A video from Puerto Rico’s event:
The idea behind this event is to hold an alleycat messenger style race in live traffic and add an element to the checkpoints besides just having a manifest signed. Riders have to acquire food from grocery stores and delis, types of items that make up a traditional Thanksgiving meal. Those who complete all the checkpoints and gather all the food wins. This is really an “everybody Wins” event because all the food is donated to local charities for the hungry. It also makes for a less competitive race which encourages riders of all ages and skill levels and maybe gives participants an entry level of an alleycat race.
Races have already been held in Seattle: (November 23rd, 2013)
From Seattle Bikeblog:
126 Cranksgiving riders haul 1,443 lbs of food to Rainier Valley Food Bank
By: Tom Fucoloro
November 23, 2013
2013 was the year that Cranksgiving broke. Seattle’s Fourth Cranksgiving exploded in size, with a stunning 126 people biking to grocery stores and food stands all across the city, buying food for Rainier Valley Food Bank.
Read more: here.
And Santa Cruz:
photo from Richard Madoner @cyclelicious.
Start of Santa Cruz race:
And Portland, Oregon. (
Portlanders Raise $1,500 For Charity With Cranksgiving Bike Ride.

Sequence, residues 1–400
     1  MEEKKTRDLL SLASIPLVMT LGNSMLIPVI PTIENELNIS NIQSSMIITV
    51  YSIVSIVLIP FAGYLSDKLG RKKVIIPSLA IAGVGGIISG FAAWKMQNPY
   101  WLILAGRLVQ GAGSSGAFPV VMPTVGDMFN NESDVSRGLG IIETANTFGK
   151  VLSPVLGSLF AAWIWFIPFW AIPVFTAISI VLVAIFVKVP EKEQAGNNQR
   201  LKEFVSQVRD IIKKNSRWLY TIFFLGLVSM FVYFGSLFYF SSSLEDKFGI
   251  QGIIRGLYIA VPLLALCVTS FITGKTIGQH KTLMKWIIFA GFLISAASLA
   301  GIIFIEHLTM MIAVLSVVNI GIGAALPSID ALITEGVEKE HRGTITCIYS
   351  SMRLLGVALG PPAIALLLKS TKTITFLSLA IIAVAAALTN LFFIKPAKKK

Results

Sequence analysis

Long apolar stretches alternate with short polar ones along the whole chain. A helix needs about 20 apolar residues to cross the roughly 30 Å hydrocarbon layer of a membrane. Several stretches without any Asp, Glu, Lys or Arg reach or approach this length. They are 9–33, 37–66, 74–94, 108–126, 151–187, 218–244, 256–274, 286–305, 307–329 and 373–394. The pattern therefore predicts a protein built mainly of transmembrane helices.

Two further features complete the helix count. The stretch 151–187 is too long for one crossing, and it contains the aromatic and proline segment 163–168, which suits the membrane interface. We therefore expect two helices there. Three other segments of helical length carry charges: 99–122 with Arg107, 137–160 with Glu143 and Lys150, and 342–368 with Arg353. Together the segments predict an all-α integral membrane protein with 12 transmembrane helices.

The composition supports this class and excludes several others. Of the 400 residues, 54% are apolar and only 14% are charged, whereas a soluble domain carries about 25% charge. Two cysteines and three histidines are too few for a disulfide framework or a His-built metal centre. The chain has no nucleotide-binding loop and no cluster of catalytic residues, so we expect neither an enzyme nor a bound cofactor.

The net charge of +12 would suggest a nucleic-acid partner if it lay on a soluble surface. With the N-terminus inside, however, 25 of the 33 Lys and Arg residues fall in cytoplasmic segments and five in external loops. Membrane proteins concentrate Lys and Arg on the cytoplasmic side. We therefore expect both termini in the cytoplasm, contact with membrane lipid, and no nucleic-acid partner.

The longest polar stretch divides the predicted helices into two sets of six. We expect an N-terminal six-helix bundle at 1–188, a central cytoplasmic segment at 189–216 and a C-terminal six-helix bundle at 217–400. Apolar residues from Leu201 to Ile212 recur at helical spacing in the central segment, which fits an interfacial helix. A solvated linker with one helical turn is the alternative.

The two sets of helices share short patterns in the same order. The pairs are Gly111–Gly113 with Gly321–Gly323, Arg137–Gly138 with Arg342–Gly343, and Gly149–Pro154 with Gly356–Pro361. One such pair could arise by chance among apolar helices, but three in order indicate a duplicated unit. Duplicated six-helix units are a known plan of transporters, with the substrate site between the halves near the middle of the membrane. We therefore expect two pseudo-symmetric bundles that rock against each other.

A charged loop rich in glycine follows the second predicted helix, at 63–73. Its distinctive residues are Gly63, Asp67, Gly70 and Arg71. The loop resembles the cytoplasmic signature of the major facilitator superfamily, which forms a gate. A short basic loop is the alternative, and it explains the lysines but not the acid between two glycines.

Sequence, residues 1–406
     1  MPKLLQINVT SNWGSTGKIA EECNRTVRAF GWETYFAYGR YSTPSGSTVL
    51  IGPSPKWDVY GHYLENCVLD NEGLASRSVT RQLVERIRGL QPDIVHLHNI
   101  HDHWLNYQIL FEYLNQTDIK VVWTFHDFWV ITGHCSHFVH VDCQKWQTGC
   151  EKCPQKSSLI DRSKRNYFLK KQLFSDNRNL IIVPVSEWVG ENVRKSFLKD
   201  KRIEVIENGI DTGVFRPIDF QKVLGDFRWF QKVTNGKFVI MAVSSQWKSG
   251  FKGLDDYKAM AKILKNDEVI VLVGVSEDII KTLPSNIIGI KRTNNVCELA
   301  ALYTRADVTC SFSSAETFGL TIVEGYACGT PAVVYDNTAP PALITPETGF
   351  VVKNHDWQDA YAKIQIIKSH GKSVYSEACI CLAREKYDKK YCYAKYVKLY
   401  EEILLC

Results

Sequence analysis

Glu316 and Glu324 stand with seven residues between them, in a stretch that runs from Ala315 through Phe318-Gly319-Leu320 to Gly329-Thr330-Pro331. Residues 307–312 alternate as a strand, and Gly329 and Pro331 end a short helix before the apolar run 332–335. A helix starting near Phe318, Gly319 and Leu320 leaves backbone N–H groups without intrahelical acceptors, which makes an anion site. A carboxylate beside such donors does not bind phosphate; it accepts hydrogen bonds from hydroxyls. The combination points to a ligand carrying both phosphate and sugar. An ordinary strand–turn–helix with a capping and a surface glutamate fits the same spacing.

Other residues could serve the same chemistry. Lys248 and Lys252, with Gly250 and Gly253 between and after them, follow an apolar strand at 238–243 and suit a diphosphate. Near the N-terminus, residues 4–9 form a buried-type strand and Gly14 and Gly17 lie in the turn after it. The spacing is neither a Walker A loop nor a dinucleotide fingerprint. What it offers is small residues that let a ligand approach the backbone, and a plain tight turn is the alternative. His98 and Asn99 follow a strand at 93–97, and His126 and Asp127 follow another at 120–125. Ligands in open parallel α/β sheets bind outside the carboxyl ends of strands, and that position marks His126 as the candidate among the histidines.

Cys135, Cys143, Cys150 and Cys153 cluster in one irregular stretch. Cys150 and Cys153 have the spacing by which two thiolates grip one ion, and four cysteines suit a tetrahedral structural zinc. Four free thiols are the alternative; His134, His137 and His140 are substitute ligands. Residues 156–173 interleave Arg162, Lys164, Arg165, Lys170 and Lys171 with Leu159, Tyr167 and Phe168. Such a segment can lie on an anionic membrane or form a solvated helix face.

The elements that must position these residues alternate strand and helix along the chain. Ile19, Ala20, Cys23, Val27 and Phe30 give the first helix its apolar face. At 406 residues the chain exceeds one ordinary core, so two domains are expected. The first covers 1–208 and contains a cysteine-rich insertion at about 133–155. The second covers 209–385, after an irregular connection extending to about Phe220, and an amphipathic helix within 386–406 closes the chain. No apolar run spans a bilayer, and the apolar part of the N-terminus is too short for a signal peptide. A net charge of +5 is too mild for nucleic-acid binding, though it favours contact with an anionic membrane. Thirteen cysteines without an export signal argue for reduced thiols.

By: Michael Andersen
November 25th, 2013
In an event organizers said might be the first of a new tradition of charity-oriented bike fun in Portland, 96 cheerful people pedaled across the city Saturday to gather an assigned list of goods from the city’s grocery stores and co-ops.
The alleycat-inspired game, which was part of a 14-year-old American tradition called Cranksgiving, brought in $1,573 worth of dry goods for Outside In, a local nonprofit that helps homeless young people and other marginalized Portlanders.
Read more: here.
Saint Louis, MO: (November 3rd, 2013) Website.
In Chicago: (November 23rd, 2013)
From the Chicago Reader: On the scene at Cranksgiving Chicago, the annual “food drive on two wheels”
NYC’s was held last Saturday (November 23rd, 2013) and hosted by the prolific bike organizer, Ken Stanek.
photo by: Sara Kinney on Flickr.
305 riders came out and raised food and money for neighborhood food pantries and hunger fighting organizations in NYC: City Harvest, NY Foundling and Nazareth House. These are very active organizations looking for more donations and volunteers especially through the holidays. You can also follow along the action on twitter using the search hashtag #feedourpeople.
A little news style video from Averi Harper:
More info: supermarketstreetsweep.blogspot.com
and going worldwide with Budapest, Hungary (get it Hungary-food drive…) December 14th.
Facebook event page.